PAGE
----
If we really are called to love our neighbor, this means not only being nice to them, but bearing their burdens, to use the words of Paul and Jesus. The burden-bearing love of Jesus does not result in a complacency in regard to the care of others, it issues forth in sacrifice for the sake of the other; it goes to every extreme to extend the love of God to the other because of the dignity and worth of all human beings made in the image of God. For the follower of Jesus, your money isn’t yours to hoard and to protect, it is yours to steward and invest. Yet, that investment can never be an investment in one’s own kingdom and castle while our neighbors sleep in a ditch, or loose their house over a medical bill, or go to bed with an empty stomach. The love of Christ compels me to join with those—many of whom have no religious basis for their support of universal healthcare—in re-imagining and revolutionizing healthcare in America. It is most definitely not ‘free’ healthcare. Rather, the cost is derived from a large mass of people—eventually the majority—committing to be for each other, instead of for themselves. While I respect others who see this as a private affair, the fact of the matter is, the revolution in healthcare that is required is so radical and so extensive that it has not and will not occur unless we completely overhaul the system and approach. We don’t need a mere reform, we need a revolution. We need a completely socialized healthcare service that honors our citizens and cares for all. Bernie is fighting for this, and to be honest it will likely take more than one president to make any substantial progress in this area. It might take seven! But, the sooner we pursue this change as a nation, together, the sooner America will become a more just and compassionate, Christlike society.

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6 comments

  1. Shouldn’t we be more concerned with more pressing and severe moral issues, such as abortion? I think I completely agree with your stance on healthcare, but murdering babies seems to be a more pressing issue than healthcare. It seems that if I vote for Bernie I may indeed be helping the healthcare system, but also continually supporting a person who advocates the murder of babies. With that in mind, it is worth it to elect a leader who would want this. What are your thoughts.

    1. I agree that abortion is itself a terrible injustice, and I would prefer that this were Bernie’s stance. However, I don’t think it is as simple as using that as the one criteria for whether or not I vote for a candidate. The general stance of Bernie Sanders includes an overarching commitment to an economic approach that I fundamentally agree with and think will be beneficial to justice in health care, education, social security, ecological, racial issues etc. While I wish that included every point of policy that I would choose, that is almost never the case. I think it is sometimes possible to work from change within. In other words, working for a move toward a reformation of the democratic party and economically progressive independents from within the movement with which I otherwise agree [I’m more of an independent, though registered as democrat now in support of Bernie]. The change of culture and policy in this country is a long battle, and I am committed to it. I fear that many evangelicals default to rejecting democratic and progressive policies which otherwise cohere with the Gospel, because of the issue of abortion, which is usually supported by progressives. Yet, it is not at all certain that for many Republicans it isn’t a sincere belief, but rather part of a bundling of issues to gain the ‘evangelical’ voter block. What if, in time, a pro-life position could be bundled with the more progressive political program, as at some points in this country’s history, was the case? To me that would be far better than free market, unrestricted, moves to eliminate government programs that many sorely need. In my view, we should be working to tell the story of life from within our spheres, and the most progress toward decreasing abortions that we can make now is by winsomely and ceaselessly proclaiming the dignity and worth of all life. I choose to do that from within a generally progressive political vantage point because I believe that the rest of Bernie’s message is needed to such a degree in this country that it over-takes my opposition to his position on the issue of abortion. To sum it up, I used to vote as a one or two issue voter, but I think that perpetuating the status quo in foreign policy, healthcare, education, etc is itself a serious systemic evil. Though I totally understand and respect those who are convinced of other political approaches and genuinely wish to see the common good pursued in creative and powerful ways.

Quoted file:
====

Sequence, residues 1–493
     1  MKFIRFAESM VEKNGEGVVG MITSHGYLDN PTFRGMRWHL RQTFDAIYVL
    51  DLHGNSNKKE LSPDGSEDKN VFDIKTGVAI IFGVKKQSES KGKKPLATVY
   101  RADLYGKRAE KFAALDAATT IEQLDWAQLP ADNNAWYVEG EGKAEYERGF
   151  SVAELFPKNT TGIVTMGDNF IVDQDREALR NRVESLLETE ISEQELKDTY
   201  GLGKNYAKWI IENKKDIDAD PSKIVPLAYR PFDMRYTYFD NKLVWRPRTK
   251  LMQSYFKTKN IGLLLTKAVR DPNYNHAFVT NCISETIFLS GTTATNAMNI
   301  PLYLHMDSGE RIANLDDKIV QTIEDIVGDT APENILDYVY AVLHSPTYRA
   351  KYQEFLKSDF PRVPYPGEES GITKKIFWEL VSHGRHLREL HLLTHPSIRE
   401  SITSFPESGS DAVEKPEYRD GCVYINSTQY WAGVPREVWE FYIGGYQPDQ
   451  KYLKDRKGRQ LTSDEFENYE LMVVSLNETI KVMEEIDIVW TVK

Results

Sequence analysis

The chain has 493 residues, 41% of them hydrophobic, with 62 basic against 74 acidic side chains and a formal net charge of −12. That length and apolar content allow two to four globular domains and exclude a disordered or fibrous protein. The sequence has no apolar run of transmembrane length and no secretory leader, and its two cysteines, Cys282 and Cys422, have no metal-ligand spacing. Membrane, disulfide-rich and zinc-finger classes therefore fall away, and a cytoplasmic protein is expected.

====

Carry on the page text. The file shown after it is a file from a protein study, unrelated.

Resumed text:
1. I think what you said here was well put:

        “I fear that many evangelicals default to rejecting democratic and progressive policies which otherwise cohere with the Gospel, because of the issue of abortion, which is usually supported by progressives. Yet, it is not at all certain that for many Republicans it isn’t a sincere belief, but rather part of a bundling of issues to gain the ‘evangelical’ voter block. What if, in time, a pro-life position could be bundled with the more progressive political program, as at some points in this country’s history, was the case?”